However, when compared to Britain, Russia still hadn't industrialised fully. The coal productions of 1914 of Russia was 36.2 million tonnes, while Britain's was 292 million tonnes. Iron production of the same year saw Russia lacking with only 3.6 million tonnes compared to Britain's 11 million tonnes. Steel production was at a low in that year compared to Britain too, with Russia having 4.1 million and Britain having 6.5 million. Foreign trade in 1913 was also behind of other countries. Russia's foreign trade was 190 million pounds, compared to France's 424, Germany's 1038 and Britain's 1223.
Due to Witte, 45% of industrial investment came from abroad, mainly from the Franco-Russian alliance in 1894. Industrial investment from abroad (foreign) tripled to 450.7 million roubles from 1893 to 1897. Therefore, Russia's economy was highly reliant on the state of other countries. The worldwide boom of the 1890s coincided with Witte's "great spurt" and the depression in the 1900s directly impacted their economy too.
Impact of industrialisation (1)
... on the cities and workers
- Some were paid with food, and even then it was really poor (black bread, think cabbage soup, and porridge made from wood shavings).
- Population of St. Petersburg rose by 1500,000 between 1863 and 1914.
- Houses were built quickly, because of the population boom and the increase in demand for houses in the cities.
- On average, St Petersburg's apartments housed 16 people, with 6 people per room in 1904.
- Housing was inadequate and unhygenic, with most houses infested with rodents.
- 1/3 of houses had running water.
- Only 60% of adult males were literate, and 11% of all workers were injured.
- Wages were poor.
- 90% of the peasantry that were recruited for the army in St Petersburg and Moscow were literate.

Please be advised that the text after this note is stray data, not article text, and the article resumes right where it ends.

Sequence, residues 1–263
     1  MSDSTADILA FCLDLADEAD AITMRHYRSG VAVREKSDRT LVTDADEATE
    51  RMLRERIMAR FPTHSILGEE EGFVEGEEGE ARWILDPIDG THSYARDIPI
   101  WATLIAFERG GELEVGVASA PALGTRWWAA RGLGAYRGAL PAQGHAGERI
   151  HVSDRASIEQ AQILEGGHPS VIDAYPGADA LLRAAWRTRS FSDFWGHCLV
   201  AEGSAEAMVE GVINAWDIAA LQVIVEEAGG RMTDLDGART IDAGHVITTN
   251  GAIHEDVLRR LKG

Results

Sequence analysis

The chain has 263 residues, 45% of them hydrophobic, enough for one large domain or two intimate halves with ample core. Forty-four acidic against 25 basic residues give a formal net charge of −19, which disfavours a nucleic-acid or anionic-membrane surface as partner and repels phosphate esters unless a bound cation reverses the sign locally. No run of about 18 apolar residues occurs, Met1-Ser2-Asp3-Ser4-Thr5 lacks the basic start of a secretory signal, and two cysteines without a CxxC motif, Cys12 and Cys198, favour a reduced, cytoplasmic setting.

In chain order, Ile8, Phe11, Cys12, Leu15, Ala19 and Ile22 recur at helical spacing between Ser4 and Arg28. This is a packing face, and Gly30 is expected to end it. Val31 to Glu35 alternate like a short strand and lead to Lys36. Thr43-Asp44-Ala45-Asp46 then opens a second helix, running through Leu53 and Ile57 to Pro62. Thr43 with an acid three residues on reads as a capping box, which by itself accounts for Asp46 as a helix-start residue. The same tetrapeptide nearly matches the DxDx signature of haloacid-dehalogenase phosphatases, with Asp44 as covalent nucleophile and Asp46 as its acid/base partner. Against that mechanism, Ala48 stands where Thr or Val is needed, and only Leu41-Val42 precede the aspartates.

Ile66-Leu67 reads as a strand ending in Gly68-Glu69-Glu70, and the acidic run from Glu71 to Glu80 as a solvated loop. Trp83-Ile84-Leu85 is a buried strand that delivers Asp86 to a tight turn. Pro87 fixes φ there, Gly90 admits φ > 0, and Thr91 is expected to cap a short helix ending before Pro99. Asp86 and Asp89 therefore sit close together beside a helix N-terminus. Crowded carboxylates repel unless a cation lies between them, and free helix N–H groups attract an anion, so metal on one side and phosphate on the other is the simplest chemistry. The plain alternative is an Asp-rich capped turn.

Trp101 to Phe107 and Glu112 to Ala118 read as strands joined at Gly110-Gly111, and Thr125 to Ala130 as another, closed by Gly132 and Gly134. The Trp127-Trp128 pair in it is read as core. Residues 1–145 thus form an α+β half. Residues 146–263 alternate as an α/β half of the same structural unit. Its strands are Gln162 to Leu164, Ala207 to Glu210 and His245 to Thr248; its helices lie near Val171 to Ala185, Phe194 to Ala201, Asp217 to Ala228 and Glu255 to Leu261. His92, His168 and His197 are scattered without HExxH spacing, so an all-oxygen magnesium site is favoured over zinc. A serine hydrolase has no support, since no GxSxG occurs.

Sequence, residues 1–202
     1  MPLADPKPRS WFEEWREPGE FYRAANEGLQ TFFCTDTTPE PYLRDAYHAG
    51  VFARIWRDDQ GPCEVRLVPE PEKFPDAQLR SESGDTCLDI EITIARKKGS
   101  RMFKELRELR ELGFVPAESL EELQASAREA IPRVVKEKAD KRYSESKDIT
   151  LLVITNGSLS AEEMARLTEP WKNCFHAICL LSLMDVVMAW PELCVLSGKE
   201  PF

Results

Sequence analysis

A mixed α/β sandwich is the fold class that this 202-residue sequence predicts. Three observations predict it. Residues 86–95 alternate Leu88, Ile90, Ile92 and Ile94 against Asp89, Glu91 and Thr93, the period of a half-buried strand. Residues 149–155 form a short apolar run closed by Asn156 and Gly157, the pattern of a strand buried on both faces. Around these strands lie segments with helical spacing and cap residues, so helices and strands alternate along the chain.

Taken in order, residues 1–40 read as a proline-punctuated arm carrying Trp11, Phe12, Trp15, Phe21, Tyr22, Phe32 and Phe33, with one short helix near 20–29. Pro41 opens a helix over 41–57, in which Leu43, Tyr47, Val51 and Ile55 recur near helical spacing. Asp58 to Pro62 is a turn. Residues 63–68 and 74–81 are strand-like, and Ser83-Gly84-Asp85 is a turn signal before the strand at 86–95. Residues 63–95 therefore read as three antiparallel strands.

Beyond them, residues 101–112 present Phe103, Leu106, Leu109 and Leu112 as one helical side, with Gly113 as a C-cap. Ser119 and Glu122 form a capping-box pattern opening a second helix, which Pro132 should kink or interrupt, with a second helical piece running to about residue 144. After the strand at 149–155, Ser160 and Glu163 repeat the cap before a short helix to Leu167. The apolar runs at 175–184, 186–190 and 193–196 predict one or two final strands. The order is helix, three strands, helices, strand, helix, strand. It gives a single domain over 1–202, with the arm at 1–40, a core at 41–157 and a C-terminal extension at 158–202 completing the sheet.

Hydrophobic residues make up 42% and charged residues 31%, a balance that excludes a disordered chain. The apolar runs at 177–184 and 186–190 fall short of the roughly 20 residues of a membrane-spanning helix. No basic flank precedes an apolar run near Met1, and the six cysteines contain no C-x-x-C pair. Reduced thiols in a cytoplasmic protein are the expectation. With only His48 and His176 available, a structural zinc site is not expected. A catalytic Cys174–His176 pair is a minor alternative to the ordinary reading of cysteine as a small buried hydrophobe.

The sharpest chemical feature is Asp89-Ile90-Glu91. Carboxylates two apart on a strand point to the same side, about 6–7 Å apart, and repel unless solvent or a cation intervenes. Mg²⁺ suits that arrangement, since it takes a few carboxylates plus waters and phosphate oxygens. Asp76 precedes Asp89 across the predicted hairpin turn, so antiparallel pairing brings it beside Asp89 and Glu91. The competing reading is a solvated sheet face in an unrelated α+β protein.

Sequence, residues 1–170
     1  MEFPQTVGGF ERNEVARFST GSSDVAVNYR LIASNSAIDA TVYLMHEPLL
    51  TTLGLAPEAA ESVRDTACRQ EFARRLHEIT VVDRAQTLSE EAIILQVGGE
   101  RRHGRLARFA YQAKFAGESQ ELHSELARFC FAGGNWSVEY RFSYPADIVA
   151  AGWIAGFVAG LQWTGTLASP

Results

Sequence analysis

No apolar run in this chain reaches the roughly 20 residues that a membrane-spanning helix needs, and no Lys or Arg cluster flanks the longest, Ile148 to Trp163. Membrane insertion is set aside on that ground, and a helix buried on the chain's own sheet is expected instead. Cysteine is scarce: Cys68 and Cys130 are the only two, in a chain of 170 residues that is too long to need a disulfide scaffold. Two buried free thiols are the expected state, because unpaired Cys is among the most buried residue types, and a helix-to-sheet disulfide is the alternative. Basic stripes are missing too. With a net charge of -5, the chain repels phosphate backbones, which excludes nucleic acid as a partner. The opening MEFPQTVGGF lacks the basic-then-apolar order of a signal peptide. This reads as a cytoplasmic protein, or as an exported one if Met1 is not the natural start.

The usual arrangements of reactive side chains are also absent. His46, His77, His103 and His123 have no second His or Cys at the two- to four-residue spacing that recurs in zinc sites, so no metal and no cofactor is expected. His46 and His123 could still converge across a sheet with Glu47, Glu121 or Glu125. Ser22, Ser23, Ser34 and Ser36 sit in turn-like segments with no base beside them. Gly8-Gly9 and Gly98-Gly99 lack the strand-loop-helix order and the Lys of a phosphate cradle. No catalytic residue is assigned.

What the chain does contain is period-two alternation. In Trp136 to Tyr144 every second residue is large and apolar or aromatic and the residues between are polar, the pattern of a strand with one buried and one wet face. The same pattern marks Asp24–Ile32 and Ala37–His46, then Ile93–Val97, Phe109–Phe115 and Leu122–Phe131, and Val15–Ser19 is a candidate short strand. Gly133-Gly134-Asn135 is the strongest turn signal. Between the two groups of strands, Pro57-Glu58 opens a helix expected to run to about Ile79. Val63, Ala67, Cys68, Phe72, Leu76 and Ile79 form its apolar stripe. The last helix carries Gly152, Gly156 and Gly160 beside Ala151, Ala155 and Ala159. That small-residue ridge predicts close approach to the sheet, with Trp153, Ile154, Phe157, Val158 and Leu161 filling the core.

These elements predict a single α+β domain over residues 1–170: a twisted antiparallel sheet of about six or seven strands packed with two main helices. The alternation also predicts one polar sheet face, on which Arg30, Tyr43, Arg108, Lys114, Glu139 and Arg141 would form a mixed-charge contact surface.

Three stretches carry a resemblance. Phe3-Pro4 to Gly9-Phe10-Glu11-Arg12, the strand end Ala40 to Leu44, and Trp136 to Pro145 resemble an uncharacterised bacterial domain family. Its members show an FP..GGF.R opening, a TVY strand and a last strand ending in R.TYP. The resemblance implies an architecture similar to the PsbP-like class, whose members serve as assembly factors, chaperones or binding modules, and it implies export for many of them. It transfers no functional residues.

- Peasants tried to go back to the country to help their connections harvest.
- Deathrate rose to 35/1000 by 1900, while Britain's deathrate was at 21/1000.
- Russia's working class doubled between 1865 and 1890.
Impact of industrialisation (2)
- A factory inspector once said that "these dwellings can be compared without exaggeration with the quarters of domestic animals" with their "unwashed and filthy condition".
- Working hours were long. They were reduced by law to 11.5 hours a day, but was usually ignored.
- Given that the world recession was in the 1900s, this really affected industrialisation. Some wages were reduced by 20%.
... on the peasantry?
- In 1889, Alexander III introducted land captains to return to the traditional repression of peasants.
- There was a daily struggle for survival conducted from verminous filled huts.
- The Peasant Land Bank was set up in 1893, which helped develop better farming methods.
- The land was still shared out equally in size, meaning that the growing population were less able to feed their families.
- Redemption payments still restricted peasants from investing in agriculture.